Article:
Okay now, this post my have something to do with politics, but I’m not about to accuse anyone of sedition or try to wrangle a working legal definition. I will report what The OED and US law say. You then can peruse and decide.
We are going to hear “sedition” a great deal in coming months, also “seditionist,” a word last employed regularly in the late 1860s. “Treason” may also crop up.
As always, the OED provides a first stop. The second definition there, listed as “now rare” may well give us pause, as it will likely be employed in investigating and prosecuting those involved in or encouraging the recent riot at the US Capitol: “A concerted movement to overthrow an established government; a revolt, rebellion, mutiny.” Add to that the second definition, “Conduct or language inciting to rebellion against the constituted authority in a state” and I think we are nearly done with what the term means.
As to its origin, look back to French, other Romance languages, and Latin. The word has a long-term life and, sadly, history of examples for good and ill (against tyrannies and governments we might admire).
Soon in popular discussion the word “treason” will also be bandied about. I had assumed that it differed from sedition in that it involved supporing a foreign enemy.
What’s the difference, in terms of definition? the sense from this official document in the House archives is that treason applies to someone who “owing allegiance to the United States, levies war against them or adheres to their enemies, giving them aid and comfort within the United States or elsewhere, is guilty of treason and shall suffer death, or shall be imprisoned not less than five years and fined under this title but not less than $10,000; and shall be incapable of holding any office under the United States.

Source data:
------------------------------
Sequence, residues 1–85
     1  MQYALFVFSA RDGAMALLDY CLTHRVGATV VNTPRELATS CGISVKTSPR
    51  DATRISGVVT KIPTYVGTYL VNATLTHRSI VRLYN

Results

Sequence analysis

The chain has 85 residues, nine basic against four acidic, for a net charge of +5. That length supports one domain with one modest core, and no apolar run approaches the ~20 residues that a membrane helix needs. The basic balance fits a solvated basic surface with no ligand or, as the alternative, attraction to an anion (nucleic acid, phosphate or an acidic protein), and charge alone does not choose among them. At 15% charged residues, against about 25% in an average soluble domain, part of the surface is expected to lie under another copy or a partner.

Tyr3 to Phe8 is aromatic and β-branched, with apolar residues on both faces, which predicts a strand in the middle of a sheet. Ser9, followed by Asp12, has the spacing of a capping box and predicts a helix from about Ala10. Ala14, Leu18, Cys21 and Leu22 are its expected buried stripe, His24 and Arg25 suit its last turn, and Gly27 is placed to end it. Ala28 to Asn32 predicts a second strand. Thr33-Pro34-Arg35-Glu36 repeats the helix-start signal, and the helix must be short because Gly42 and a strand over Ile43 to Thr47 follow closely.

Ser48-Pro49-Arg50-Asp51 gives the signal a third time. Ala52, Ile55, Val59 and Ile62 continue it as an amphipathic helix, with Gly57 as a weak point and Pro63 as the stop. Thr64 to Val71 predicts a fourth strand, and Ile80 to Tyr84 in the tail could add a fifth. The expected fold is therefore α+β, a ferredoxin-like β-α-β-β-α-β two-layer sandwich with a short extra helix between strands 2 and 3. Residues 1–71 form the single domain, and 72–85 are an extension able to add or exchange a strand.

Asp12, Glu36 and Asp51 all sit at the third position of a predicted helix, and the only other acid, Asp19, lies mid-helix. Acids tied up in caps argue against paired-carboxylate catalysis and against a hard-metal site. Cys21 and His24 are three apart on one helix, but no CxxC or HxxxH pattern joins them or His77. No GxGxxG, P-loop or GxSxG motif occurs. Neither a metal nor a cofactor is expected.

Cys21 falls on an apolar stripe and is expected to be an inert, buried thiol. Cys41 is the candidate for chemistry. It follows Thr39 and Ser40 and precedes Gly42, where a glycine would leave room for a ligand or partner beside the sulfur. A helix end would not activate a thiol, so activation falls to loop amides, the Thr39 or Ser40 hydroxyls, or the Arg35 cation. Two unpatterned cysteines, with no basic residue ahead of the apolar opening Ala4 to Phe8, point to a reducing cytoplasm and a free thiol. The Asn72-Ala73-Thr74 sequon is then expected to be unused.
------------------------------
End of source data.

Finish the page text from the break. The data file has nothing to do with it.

“Seditious conspiracy” has a different explanation and set of penalties for two or more people who “conspire to overthrow, put down, or to destroy by force the Government of the United States, or to levy war against them, or to oppose by force the authority thereof, or by force to prevent, hinder, or delay the execution of any law of the United States, or by force to seize, take, or possess any property of the United States contrary to the authority thereof, they shall each be fined under this title or imprisoned not more than twenty years, or both.”
There we have it. A great deal of legal action is soon to hinge upon these definitions, as well as which words and actions encouraged violent action or knowingly delayed the “execution of law” in Washington and elsewhere. Learn more about a recent (and half-forgotten) sedition trial of white supremacists here.
These are indeed momentous times, and if you have words or metaphors worth exploring, send them to jessid -at- richmond -dot- edu.See all of our Metaphors of the Month here and Words of the Week here.
Alfred R. Wauld’s sketch of Confederate President Jefferson Davis imprisoned at Fort Monroe. Davis was charged with treason, not seditious conspriacy. Image courtesy of Wikipedia